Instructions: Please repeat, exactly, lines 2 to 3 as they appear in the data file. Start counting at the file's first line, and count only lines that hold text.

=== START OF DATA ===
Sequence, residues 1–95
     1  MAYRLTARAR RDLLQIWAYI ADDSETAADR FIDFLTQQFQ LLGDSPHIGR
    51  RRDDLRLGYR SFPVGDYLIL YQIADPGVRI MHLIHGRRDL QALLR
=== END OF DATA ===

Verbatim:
     1  MAYRLTARAR RDLLQIWAYI ADDSETAADR FIDFLTQQFQ LLGDSPHIGR
    51  RRDDLRLGYR SFPVGDYLIL YQIADPGVRI MHLIHGRRDL QALLR